I’ve written about word clouds before, but many more options for visualizing information have become available since my first post about Wordle. Some newer applications include Tagxedo, Tagul, WordSift, TagCrowd, each of which has slightly different features and ways to customize the look of your tag cloud.
Why are these applications so popular? A lot can be gleaned from looking at a text in this format. There are many more complex ways to analyze a text (one of my favorites is Xiaofei Lu’s Synlex, which can analyze a wide range of features from the frequency of structures to the complexity of the text) but word clouds are simple and straightforward.
A great example is the US Presidential Speeches Tag Cloud page by Chirag Mehta. It’s based on Tagline, the Timeline-based Tag Cloud Generator that he developed. This is actually a series of tag clouds with a slider bar that allows the viewer to scroll though 200 years of presidential speeches. It’s interesting to see how the most frequent words and themes change over time, something that is very easy to see as you scroll through the tag clouds.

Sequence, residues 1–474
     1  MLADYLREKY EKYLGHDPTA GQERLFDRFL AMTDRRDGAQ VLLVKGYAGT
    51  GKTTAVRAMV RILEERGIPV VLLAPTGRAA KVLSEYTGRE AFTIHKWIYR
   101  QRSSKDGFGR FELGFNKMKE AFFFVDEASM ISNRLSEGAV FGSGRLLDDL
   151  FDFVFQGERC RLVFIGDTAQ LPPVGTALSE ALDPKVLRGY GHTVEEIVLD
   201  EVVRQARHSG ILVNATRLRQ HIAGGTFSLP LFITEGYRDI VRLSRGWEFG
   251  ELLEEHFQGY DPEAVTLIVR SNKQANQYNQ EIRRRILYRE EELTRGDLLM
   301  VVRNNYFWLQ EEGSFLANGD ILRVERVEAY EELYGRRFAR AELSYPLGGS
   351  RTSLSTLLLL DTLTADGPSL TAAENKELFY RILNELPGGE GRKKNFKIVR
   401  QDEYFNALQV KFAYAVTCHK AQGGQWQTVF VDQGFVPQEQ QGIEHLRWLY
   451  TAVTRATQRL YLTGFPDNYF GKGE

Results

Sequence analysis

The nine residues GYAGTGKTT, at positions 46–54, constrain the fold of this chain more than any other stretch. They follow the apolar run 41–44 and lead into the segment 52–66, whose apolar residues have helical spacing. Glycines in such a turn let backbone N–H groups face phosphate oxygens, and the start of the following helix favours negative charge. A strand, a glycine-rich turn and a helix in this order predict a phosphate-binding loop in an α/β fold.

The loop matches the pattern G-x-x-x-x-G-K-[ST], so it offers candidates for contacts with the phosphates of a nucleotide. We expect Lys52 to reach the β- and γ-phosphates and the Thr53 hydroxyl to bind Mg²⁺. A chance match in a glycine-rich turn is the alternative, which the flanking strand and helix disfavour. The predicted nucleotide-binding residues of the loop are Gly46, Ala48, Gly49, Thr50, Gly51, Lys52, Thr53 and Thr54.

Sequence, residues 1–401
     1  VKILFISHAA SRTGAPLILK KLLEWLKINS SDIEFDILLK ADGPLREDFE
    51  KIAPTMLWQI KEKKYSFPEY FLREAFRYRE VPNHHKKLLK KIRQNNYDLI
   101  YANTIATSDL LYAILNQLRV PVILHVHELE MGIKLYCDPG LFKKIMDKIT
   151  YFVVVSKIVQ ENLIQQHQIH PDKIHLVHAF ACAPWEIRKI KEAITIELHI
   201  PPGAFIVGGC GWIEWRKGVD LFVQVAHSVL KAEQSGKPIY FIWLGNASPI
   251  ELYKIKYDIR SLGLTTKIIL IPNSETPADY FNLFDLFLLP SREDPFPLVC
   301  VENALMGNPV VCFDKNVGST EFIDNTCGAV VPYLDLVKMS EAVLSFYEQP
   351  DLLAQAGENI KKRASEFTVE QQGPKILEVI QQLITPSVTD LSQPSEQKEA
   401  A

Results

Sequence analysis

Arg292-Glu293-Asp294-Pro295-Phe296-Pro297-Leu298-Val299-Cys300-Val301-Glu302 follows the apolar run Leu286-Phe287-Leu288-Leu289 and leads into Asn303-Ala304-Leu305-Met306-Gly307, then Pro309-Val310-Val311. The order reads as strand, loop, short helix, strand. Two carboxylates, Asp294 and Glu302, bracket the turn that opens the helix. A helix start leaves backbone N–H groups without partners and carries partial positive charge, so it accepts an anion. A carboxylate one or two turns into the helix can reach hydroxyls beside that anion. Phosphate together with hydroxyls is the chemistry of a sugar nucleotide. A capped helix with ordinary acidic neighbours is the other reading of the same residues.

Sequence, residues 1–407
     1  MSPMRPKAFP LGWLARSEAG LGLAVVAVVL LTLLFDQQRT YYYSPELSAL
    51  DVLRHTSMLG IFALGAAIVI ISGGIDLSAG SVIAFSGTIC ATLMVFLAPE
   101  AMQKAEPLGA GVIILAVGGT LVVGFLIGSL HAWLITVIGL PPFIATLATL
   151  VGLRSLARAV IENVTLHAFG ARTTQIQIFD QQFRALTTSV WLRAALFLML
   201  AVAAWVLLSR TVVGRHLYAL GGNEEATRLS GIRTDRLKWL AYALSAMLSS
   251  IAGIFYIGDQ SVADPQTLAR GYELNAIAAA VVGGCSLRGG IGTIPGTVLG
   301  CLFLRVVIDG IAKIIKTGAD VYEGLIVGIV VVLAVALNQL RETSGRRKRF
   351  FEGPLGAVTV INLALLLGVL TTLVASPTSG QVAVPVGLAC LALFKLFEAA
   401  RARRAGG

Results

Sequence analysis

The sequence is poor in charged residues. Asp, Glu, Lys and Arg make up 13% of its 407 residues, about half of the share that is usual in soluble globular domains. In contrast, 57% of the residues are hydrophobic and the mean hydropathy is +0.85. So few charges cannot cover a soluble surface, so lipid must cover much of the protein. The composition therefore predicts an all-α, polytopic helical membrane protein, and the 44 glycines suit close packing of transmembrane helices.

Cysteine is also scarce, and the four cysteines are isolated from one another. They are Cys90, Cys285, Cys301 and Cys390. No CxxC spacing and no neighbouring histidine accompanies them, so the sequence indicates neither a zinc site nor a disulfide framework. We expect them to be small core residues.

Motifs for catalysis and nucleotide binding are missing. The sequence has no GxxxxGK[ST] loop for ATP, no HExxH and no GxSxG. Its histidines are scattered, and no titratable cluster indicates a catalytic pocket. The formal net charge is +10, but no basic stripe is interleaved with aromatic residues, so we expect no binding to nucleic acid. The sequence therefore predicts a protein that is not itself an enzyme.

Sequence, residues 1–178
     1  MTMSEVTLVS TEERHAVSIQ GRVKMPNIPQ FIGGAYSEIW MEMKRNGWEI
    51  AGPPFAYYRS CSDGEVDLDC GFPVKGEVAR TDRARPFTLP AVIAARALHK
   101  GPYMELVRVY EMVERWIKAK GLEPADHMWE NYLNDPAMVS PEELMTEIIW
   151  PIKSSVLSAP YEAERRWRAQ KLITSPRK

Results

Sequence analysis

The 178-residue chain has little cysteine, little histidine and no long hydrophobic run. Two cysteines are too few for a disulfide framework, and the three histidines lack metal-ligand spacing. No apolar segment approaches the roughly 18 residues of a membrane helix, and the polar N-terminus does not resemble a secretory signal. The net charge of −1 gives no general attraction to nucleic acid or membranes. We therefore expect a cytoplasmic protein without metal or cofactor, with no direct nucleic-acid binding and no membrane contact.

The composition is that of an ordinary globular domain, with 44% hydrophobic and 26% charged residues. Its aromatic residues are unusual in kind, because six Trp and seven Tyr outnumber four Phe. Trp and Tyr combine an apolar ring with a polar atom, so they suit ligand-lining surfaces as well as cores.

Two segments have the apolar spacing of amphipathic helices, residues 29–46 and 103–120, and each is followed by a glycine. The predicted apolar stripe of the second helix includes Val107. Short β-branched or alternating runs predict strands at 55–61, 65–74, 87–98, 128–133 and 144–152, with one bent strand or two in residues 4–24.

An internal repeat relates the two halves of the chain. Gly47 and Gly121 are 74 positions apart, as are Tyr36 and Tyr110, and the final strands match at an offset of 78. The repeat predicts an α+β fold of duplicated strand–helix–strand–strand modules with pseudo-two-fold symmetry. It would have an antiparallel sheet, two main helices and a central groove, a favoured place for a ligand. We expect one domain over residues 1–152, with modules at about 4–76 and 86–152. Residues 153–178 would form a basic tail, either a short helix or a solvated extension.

How can students use these tools? The more complex tools, which allow students to target specific features, might be the best option for analyzing one’s own writing. On the other hand, tag clouds would be a better option if a student just needs a snapshot of a text. For example, by feeding a reading assignment into a tag cloud generator, it would be very easy to pick out the most frequent terms and themes prior to reading it — a little like having the text skimmed for you.
Do you use tag clouds and other text analyzers with your students? Leave a comment to share your tips and ideas.